2009 brings us an exciting array of anniversaries in the world of European art music. Feargus O’Sullivan examines the situation in The National (UAE):
For classical music, years like 2009 come almost as rarely as Halley’s Comet. In a flurry of activity unseen since the bicentenary of Mozart’s death, a remarkable constellation of composer anniversaries are packed into the next 12 months. The great Austrian Haydn died 200 years ago, the same year in which that most popular composer of the Victorians, Mendelssohn, was born. It is also the 250th anniversary of the Baroque master Handel’s death, while Britain’s exquisite opera pioneer Henry Purcell was born 350 years ago this September.....
The unusually prominent line-up of musical stars this year... means that the 50th anniversary of the fine Czech composer Bohuslav Martinu’s death has been overshadowed by classical and baroque splendour.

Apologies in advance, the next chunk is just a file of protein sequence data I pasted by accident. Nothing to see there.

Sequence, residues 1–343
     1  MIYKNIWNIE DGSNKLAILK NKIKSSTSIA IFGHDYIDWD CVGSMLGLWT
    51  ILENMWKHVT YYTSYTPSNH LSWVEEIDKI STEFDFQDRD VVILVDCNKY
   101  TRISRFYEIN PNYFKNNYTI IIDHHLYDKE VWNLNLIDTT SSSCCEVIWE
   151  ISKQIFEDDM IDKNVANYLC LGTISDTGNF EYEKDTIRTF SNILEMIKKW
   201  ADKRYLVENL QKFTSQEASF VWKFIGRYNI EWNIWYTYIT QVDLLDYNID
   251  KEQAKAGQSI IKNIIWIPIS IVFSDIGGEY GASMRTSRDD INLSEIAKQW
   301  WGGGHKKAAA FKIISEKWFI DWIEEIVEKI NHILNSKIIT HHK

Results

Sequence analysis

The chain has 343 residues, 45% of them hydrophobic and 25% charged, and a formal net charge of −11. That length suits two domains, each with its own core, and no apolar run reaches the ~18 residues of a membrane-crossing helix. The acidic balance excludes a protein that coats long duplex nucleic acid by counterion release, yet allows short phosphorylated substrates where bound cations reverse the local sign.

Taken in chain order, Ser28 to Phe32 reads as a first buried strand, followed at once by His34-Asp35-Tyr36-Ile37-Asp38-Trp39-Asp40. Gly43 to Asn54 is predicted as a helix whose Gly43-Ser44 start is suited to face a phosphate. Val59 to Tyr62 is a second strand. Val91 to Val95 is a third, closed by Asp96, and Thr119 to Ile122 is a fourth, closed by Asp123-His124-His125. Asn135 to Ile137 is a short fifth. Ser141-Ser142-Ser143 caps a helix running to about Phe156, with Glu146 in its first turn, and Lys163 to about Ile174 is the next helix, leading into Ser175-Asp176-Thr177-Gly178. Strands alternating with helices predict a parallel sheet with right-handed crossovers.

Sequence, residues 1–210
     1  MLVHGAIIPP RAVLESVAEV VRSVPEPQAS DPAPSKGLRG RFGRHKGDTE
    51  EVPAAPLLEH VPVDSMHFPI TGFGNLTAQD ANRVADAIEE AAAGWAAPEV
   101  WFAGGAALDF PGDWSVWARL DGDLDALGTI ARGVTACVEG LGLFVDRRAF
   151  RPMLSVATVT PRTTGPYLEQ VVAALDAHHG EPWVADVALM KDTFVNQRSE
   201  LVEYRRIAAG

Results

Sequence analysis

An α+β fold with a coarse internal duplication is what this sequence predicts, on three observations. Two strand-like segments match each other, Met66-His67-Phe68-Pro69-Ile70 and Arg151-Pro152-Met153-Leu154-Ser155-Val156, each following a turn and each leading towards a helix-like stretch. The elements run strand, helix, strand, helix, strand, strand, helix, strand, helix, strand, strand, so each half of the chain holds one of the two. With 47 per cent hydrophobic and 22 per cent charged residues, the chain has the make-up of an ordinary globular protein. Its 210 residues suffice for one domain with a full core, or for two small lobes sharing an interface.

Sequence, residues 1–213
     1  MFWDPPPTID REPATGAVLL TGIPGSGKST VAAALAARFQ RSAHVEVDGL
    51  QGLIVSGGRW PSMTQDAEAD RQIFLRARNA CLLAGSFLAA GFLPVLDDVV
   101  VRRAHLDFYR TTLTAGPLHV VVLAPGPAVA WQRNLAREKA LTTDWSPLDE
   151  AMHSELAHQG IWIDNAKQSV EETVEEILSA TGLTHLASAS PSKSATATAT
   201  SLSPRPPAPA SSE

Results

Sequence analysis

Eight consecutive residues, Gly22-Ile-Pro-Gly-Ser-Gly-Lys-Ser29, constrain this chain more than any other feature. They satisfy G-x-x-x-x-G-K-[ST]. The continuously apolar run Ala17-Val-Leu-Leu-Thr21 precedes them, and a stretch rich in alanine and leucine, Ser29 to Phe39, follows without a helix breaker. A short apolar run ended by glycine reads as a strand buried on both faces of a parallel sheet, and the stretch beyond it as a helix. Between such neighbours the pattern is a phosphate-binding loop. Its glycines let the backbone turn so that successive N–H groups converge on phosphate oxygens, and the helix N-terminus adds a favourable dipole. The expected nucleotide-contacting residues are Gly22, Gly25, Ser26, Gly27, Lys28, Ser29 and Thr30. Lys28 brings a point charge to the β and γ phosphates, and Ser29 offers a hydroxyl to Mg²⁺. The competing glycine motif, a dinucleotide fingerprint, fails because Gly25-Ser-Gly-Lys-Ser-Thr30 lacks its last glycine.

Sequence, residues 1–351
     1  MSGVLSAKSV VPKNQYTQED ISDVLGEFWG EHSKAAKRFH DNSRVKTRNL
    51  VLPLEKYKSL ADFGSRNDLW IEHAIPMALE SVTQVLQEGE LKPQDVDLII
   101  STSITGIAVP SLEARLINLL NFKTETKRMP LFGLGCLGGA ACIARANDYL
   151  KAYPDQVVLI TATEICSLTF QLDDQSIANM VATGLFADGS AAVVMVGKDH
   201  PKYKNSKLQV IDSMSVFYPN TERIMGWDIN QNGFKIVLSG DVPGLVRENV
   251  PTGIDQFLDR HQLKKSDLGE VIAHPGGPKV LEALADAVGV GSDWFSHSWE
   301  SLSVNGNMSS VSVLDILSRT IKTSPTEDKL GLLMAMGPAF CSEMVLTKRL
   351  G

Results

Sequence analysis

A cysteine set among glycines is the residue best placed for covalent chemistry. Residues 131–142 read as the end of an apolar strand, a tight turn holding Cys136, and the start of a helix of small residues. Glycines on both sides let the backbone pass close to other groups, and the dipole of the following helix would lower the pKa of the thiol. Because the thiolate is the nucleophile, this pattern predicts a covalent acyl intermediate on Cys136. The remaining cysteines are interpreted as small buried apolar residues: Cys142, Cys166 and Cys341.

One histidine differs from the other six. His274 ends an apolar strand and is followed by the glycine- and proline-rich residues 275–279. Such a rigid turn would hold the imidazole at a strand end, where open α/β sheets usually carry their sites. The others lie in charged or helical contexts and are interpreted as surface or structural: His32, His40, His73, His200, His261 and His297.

O’Sullivan examines other pros and cons of anniversary commemorations and proclaims Joseph Haydn as this year's big winner. The man who has long been 'arguably the world's least known great composer' is finally getting his due.
We are, after all, talking about the man who effectively created the classical symphony, producing music that is almost invariably fresh and delightful – and somehow especially sympathetic and warm towards its listeners. With major retrospectives of his work worldwide and even a 50 CD box set of his collected works, enthusiasm for this important figure appears to be returning... Having a whole year in which to focus on the man has also helped provide a frame for his mind-bogglingly large oeuvre: Britain’s BBC Radio Three is currently rattling through his 104 symphonies by broadcasting two a week.The full article details both world and UAE events and may be viewed at The National web site.